Politics, Business & Culture in the Americas

[i]Chocolate and Corn Flour: History, Race, and Place in the Making of “Black” Mexico[/i] by Laura A. Lewis

Reading Time: 3 minutes

Mexico is not the first country that comes to mind when the issue of Afro-descendants in the Americas is discussed. Unlike the better-known cases of Brazil and Colombia—with 91 million and 15 million Afro-descendants, respectively—Mexico’s national statistics agency recognizes only an estimated 500,000 citizens as Afro-descendant, less than 0.5 percent of the total population. However, the accuracy of that number has long been questioned.

But the lack of attention to Afro-Mexicans, concentrated largely in Oaxaca, Guerrero, Veracruz, and Chiapas states, is slowly being remedied. In September 2012, the National Forum on Afro-Descendant Populations in Mexico City explored the long-neglected heritage of the country’s Afro-descendants. The forum built on the Mexican government’s Nuestra Tercera Raíz program of the 1990s, though the results of both efforts have been mixed.

Laura A. Lewis, professor of anthropology at James Madison University, has made a significant effort to fill the void with Chocolate and Corn Flour: History, Race, and Place in the Making of “Black” Mexico. Based on over a decade of fieldwork in San Nicolás Tolentino, a predominantly Afro-descendant and Indigenous agricultural village in Guerrero state, the book attempts to unravel the complexities of race, ethnicity and identity in Mexico.

San Nicolás Tolentino is located in Mexico’s Costa Chica—an area recognized for its Indigenous and Afro-descendant communities—and considered part of the “cradle of Afro-mestizo culture” in Mexico. In Chocolate and Corn Flour, Lewis challenges this label as an oversimplification. She places “Black” in quotation marks to argue that people in San Nicolás see themselves as morenos or “Black Indians,” and not solely “Black.” This is why “corn flour” is used in the title of the book: as the author discovered in conversation with a local friend, residents joke they are “all mixed up” like a chocolate atole, a traditional Mexican corn-based drink.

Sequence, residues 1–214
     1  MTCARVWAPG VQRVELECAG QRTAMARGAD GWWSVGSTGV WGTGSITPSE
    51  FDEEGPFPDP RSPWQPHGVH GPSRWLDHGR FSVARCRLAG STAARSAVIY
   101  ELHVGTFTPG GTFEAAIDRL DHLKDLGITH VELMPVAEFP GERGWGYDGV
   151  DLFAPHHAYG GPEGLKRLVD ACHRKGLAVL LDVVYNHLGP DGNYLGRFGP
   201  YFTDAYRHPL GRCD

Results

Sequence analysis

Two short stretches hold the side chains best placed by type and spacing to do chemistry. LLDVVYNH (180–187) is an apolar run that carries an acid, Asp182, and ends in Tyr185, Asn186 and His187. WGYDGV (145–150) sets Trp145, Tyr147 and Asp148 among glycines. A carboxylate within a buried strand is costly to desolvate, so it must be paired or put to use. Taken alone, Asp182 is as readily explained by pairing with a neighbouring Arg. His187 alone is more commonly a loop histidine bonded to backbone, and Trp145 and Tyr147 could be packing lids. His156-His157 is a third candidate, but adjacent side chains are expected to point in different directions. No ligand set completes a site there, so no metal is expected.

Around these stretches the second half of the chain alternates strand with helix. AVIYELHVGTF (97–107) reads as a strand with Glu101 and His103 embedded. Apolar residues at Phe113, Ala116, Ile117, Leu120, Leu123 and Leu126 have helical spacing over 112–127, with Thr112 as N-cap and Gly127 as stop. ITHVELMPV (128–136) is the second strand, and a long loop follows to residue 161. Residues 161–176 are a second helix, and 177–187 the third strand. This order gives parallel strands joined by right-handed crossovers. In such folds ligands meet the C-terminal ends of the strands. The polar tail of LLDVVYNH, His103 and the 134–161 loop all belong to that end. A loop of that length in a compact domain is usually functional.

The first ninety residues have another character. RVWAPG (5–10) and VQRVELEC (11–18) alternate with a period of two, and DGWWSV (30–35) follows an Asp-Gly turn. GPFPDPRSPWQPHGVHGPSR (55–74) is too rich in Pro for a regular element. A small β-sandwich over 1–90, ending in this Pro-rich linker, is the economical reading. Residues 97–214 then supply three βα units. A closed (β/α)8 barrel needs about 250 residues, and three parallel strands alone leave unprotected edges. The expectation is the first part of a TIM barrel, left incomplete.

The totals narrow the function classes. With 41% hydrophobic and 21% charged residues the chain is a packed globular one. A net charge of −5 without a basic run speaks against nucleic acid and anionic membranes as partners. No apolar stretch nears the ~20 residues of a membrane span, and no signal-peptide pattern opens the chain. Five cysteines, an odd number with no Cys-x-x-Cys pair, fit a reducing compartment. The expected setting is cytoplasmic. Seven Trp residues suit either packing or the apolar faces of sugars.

Chocolate and Corn Flour is the latest contribution to a body of literature focused on Afro-Mexicans. Perhaps the best known work is La población negra de México, by Gonzalo Aguirre Beltrán in 1946, who later conducted the first ethnographic work in Cuajinicuilapa in the Costa Chica.

Lewis builds on Beltrán’s research. While the book is not an attempt to question the accuracy of his work, Lewis points out instances where he was guilty of “fallacies in logic” and of following U.S.-based racial and cultural paradigms shaped by his mentor, U.S. anthropologist Melville Herskovits. Some of Lewis’ concerns are valid, yet others come across as unsympathetic, particularly given that her field study benefited from advantages Beltrán did not have, such as new scholarship and better access to the communities due to infrastructure improvements.

Lewis maintains that san nicoladenses are the victims of inaccurate paradigms of racial and ethnic identity projected on them by outsiders through “cultural promotion.” The focus of “politicians, artists, photographers and media types, scholars and social activists” on identifying “African survivals” blinds them to the reality of how locals perceive themselves, she writes. Instead, san nicoladenses are a cohesive and insular community that follows patterns similar to other rural Mexicans who use transnational linkages to improve their living standards and family well-being.

At the same time, Lewis notes that the daily challenges faced by san nicoladenses are substantial: poor infrastructure, illiteracy, and a low overall quality of life. The book underlines the importance of leveraging academic scholarship to accelerate locally driven, tangible goals as well as promoting understanding and sensitivity with regard to identity.

Lewis also looks to the diaspora community, primarily located in North Carolina, whose remittances have changed the landscape of the village from adobe homes to “cinder-block houses.” But the community’s insularity recurs in the U.S.: emigrants from San Nicolás keep a distance from their English-speaking neighbors, including African-Americans. These dynamics would have been a fruitful area to explore further, but Lewis uses only a handful of interviews—not enough to substantiate her broad generalizations.

Nevertheless, Chocolate and Corn Flour should inspire future work on racial identity and inclusion in Mexico and elsewhere and expand the limited knowledge base of ethnological work in the field.

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Any opinions expressed in this piece do not necessarily reflect those of Americas Quarterly or its publishers.
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